The real estate market has been a big help in the economy's recovery from the 2001 crisis. The low cost of living and cheap peso attract foreigners into the country. Specially property buyers.
Tourism boosts the rental market in Argentina
The rental market is also recuperating, but still not back to pre-crisis level. Tourism is the main factor for its growth. The increasing number of tourists makes short-term rentals more popular than other terms of tenancy.The rental market is also recuperating, but still not back to pre-crisis level. Tourism is the main factor for its growth. The increasing number of tourists makes short-term rentals more popular than other terms of tenancy.Yields for property in Buenos Aires are considerably high. Relatively cheap houses and apartments, together with high yields, make property investment in Argentina profitable. Foreigners can very well acquire property in Argentina without restrictions, and moderate costs for property purchase ease the buying process. It must be noted, Paris Fashion Week: Louis Vuitton spring/summer 2013 however, that real estate transactions in Argentina are usually done in cash. This is the only significant burden because bringing in US dollars to the country is not free, and should be withdrawn in Argentine peso. It is possible to lose around 0.8%-1% of the money value when going through the official system.
Still plenty of room for improvement
While the situation now is much better than five years ago, the Argentine economy and people still face many problems. One of the biggest sores facing the locals today is the high inflation rate. Argentina is seen with double-digit inflation rates, while the rest of Latin America is successful in alleviating inflation. The IMF published an Louis Vuitton outlet estimated inflation rate of 11.4%. Some blame President Kirchner's price control policies for causing rather than preventing the rise of inflation. Soaring prices are greatly hurting the locals. Aside from expensive consumer goods, more Argentineans find it difficult to buy their own houses. While real estate is affordable to foreigners, the prices are still very high to the locals. Credit is not easy to obtain and mortgages are very expensive.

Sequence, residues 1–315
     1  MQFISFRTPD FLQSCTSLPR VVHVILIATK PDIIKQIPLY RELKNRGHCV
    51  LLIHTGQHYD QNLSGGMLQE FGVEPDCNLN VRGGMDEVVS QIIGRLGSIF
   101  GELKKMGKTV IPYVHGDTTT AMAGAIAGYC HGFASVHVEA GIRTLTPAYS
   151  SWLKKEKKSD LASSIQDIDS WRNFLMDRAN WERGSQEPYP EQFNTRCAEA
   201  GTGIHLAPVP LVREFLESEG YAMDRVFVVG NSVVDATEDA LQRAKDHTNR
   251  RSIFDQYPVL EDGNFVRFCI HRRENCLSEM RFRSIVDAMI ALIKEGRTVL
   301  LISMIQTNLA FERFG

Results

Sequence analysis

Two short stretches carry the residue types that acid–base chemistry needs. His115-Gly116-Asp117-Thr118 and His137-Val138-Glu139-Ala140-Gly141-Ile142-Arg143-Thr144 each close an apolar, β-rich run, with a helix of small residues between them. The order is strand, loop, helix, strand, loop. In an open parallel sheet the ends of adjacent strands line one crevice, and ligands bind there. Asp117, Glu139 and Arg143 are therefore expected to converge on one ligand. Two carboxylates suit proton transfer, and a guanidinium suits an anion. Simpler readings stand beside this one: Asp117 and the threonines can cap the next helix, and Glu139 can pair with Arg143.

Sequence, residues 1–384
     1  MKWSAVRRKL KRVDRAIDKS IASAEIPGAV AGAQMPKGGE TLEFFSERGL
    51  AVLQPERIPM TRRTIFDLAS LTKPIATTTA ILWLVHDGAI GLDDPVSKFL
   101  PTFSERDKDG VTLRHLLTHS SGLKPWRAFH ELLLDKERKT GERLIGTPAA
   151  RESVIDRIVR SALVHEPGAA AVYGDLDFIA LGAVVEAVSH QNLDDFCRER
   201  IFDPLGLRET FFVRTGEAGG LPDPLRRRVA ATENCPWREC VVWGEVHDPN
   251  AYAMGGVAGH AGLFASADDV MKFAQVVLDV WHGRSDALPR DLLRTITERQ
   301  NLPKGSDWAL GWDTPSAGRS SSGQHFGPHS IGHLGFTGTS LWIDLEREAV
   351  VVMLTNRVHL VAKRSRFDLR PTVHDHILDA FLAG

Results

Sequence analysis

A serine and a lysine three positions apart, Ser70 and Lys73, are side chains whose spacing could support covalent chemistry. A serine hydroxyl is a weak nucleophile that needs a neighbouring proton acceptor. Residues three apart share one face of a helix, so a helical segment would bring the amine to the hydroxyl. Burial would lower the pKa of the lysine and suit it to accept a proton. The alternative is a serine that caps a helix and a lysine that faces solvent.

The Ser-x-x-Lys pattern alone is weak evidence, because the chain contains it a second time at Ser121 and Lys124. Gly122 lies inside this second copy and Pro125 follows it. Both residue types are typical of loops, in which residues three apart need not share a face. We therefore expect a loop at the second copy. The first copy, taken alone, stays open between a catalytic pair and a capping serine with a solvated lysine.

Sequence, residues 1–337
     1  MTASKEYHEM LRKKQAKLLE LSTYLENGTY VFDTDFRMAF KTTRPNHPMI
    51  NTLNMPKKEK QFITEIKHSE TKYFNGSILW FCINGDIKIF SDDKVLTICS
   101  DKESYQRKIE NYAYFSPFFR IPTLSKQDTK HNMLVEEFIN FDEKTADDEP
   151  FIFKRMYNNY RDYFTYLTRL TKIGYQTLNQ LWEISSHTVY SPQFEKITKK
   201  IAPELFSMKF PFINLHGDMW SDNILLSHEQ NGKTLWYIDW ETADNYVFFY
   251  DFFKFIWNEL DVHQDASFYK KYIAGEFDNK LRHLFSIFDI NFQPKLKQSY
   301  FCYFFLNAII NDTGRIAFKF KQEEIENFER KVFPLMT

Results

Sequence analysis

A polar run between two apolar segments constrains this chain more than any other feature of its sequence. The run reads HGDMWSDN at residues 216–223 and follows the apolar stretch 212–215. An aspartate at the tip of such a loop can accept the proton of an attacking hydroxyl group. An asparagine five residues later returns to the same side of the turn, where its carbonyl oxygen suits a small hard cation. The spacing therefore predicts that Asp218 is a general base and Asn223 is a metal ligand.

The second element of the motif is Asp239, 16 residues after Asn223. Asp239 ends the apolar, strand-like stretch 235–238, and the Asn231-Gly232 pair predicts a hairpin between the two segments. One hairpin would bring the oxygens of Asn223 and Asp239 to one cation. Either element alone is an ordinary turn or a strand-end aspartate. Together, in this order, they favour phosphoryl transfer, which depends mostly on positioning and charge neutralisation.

The Argentine peso used to be pegged with the US dollar 1-to-1 in the 1990's until the economy collapsed again due to recession and excessive government spending. By January 2002, the Argentine currency was unpegged from the US dollar, which allowed the extremely devalued peso to fall freely. Argentina was clearly at the bottom, hounded with poverty, chaos, and Louis Vuitton handbags an inflation rate of more than 1,000%. Since then, Argentina has been cleaning up its act. Now, it is one of the fastest growing countries in Latin America and its GDP continues to rise. During the crisis, Argentina had an 11.8% drop in its GDP per capita from 2001 to 2002. Since then, its performance has been admirable. It registered an estimated GDP per capita growth of 40.6% from 2002 to 2007, which is the largest in the region. From 2006 alone, the approximate growth in its GDP per capita is 4.8%. Argentina's GDP per capita last year was still impressive at US$5,497.
First lady president
Argentineans are set to go to the polls this year to vote for a new president. There are speculations that instead of President Kirchner running for re-election, his wife, Senator Cristina Kirchner, will replace him as the party's presidential bet. Regardless which of the couple runs in October, a Kirchner in the office will definitely mean continuance of current policies. Foreign investment will still be warmly welcomed and the real estate sector will be pretty much left alone by the Government. President Kirchner is being criticized for the price controls he imposes. However, despite the critics, the people feel the country is now more consolidated and there is wide support for their Louis Vuitton Men.